photo-11It just hit me that I had to post this poem by Spokane Indian poet Sherman Alexie today, because I love it. It’s from his book First Indian on the Moon (Hanging Loose Press, 1993).

Sherman Alexie is terrific. He’s irreverent, funny, serious, grave, and flip all at once. He wrote a great essay called “Superman and Me” that I teach to my students–and that you, after you read this poem, should read next.

Enjoy!

Tiny Treaties

What I remember most about loving you
that first year is the December night
I hitchhiked fifteen miles through a blizzard
after my reservation car finally threw a rod
on my way back home from touching

your white skin again. Wearing basketball shoes
and a U.S. Army Surplus jacket
my hair long, unbraided, and magnified
in headlights of passing cars, trucks, two snowplows
that forced me off the road, escaping

into the dormant wheat fields. I laughed
because I was afraid but I wasn’t afraid
of dying, just afraid of dying
in such a stupid manner. All the Skins
would laugh into their fists

at my wake. All the cousins would tell my story
for generations. I would be the perfect reservation metaphor:
a twentieth century Dull Knife
pulling his skinny ass and dreams
down the longest highway in tribal history.

What I imagine now
is the endless succession of white faces
hunched over steering wheels, illuminated
by cigarettes and dashboard lights, white faces
pressed against windows as cars passed by me

without hesitation. I waited seconds into years
for a brake light, that smallest possible treaty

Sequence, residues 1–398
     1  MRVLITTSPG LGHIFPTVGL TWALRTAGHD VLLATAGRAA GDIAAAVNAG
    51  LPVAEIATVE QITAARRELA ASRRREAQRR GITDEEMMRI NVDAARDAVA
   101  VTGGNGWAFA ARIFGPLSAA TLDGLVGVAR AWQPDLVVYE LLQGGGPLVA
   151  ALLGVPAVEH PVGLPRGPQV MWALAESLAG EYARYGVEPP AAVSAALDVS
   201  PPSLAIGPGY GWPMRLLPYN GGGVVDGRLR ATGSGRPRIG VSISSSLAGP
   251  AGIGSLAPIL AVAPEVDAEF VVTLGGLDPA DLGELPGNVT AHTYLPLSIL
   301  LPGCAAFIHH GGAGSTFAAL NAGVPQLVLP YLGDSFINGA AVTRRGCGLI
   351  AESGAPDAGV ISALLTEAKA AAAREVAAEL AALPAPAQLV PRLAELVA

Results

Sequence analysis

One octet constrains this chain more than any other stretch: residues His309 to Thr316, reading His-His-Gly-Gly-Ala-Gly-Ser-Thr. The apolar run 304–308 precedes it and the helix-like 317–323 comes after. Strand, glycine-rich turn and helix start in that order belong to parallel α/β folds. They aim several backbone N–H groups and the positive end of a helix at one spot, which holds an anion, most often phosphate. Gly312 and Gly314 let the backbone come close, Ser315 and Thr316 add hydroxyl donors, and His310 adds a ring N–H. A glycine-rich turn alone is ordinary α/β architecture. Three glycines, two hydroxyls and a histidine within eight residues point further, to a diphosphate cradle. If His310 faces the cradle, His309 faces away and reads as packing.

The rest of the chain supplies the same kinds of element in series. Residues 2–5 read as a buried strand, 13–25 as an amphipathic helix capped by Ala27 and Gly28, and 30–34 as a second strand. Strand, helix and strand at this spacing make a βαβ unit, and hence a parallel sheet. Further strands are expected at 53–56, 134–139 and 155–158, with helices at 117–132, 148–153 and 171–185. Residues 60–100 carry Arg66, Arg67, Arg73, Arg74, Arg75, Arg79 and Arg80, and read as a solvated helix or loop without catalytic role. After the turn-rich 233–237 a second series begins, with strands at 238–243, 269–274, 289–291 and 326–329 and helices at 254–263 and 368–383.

and I made myself so many promises
that have since come true
but I never had the courage to keep

my last promise, whispered
just before I topped a small hill
and saw the 24-hour lights
of the most beautiful 7-11 in the world.
With my lungs aching, my hands and feet

frozen and disappearing, I promised
to ask if you would have stopped
and picked me up if you didn’t know me
a stranger Indian who would have fallen in love
with the warmth of your car, the radio

and the steady rhythm
of windshield wipers over glass, of tires
slicing through ice and snow. I promised
to ask you that question every day
for the rest of our lives

but I won’t ask you even
once. I’ll just remain quiet
when memories of that first year
come roaring through my thin walls
and shake newspapers and skin.

I’ll just wrap myself
in old blankets, build fires
from bald tires and abandoned houses
and I won’t ask you the question
because I don’t want to know the answer.

© Sherman Alexie

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